Wednesday, 1 September 2021
[by video link] I want to talk tonight about Afghanistan, in particular what has happened there more recently, particularly with the evacuation of some 4,000 citizens, visa holders, locally engaged employees and permanent residents from Kabul airport. As you may know, I've had a close relationship with the Afghan community here in Melbourne, in the south-east of Melbourne, for over 25 years. I've had and have many friends in this very remarkable community. I would like to say that my thoughts and prayers are with them as they've been watching those horrific scenes unfolding at Kabul airport, and they are also with those from the Afghan Australian community who are very concerned about their loved ones, family and relatives who weren't able to be evacuated from Kabul in the past two weeks.
One of the grave concerns I have for Afghanistan, having worked in the security space now for some 20 years, is what the reinstatement of Taliban rule in Afghanistan will mean for the people of Afghanistan. I recall watching nearly 20 years ago the World Trade Center towers crash to the ground. I recall what happened in Afghanistan when the Taliban were last in power in the late nineties until 2001, until the international community took action against the Taliban because of its support for al-Qaeda. I remain concerned, as someone who is in the security space, about the Taliban's continuing connection with al-Qaeda. From reports that I'm receiving internationally and locally, that support has not diminished, and there is still a connection between al-Qaeda and the Taliban.
I would like also to take this opportunity to thank the veterans community. They must be feeling what they've seen and heard at Kabul airport very, very deeply. To those veterans who may be listening to this: thank you for the work you did over those nearly 20 years in securing Afghanistan. I've got to say to you that your mission was a success. I do recall that we needed to take—the international community resolved that we needed to take—action to remove that regime from Afghanistan, given that they were state-sponsoring terrorist acts, terrorist acts that resulted not only in the attacks on United States soil but also, through offshoots and connections, the Bali bombings and other acts of terror around the world. Your mission was a success. You removed that threat from the community and protected Australia by your actions. I do recall that we lost 41 soldiers. We had 39,000 veterans who served. I'd like to thank also the 700 Australians from the Department of Foreign, Affairs and Trade, the Department of Home Affairs, the Australian Border Force and the Australian Defence Force who helped evacuate those 4,000 individuals from Afghanistan. I know the conditions were very, very difficult. I thank my staff as well, whilst I have the opportunity. We had literally many, many hundreds of people contacting us, seeking support to get relatives out of Afghanistan, and we were relatively successful in doing that.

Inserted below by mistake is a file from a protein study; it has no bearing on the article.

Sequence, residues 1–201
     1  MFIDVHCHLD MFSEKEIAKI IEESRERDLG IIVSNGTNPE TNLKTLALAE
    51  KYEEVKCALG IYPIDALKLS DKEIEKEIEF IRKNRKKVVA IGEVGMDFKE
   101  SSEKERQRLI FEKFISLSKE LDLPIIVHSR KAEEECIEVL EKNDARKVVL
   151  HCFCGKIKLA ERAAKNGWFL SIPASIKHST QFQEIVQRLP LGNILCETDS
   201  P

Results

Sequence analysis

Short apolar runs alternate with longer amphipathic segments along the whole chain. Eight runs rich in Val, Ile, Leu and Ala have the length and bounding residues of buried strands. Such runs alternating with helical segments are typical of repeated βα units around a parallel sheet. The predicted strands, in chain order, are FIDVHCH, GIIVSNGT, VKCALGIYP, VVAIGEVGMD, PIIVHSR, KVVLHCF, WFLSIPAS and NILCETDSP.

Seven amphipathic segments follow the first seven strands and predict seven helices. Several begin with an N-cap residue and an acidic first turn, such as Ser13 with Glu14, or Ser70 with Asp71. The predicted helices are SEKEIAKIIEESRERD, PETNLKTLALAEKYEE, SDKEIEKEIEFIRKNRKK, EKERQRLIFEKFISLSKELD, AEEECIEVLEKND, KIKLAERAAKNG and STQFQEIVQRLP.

What I also say is that our mission there is not complete. I believe that, having been there and uprooted a terrorist state, a state that supported terrorism, and having been responsible through our occupation there for gains for the community in Afghanistan, particularly women, we can't just walk away from Afghanistan. We have a moral responsibility to bring to our shores those we have connections with. I'm not putting a number on that. The Prime Minister has said that he has put in a floor of about 3,000. I would certainly encourage more support. We took 12,000 people from Syria when we had the conflict emerge there.
To our Afghan Australian friends I say: I stand with you in this rather challenging period of time. We will work cooperatively. I don't think there's any point at this point in time in pointing fingers about what went wrong or what happened. What we need to do is work collectively to continue to exercise our moral responsibility and bring people from Afghanistan who have a legitimate connection to Australia—to our shores legally and legitimately. That's the least that we can do for our Afghan-Australian friends here in Australia.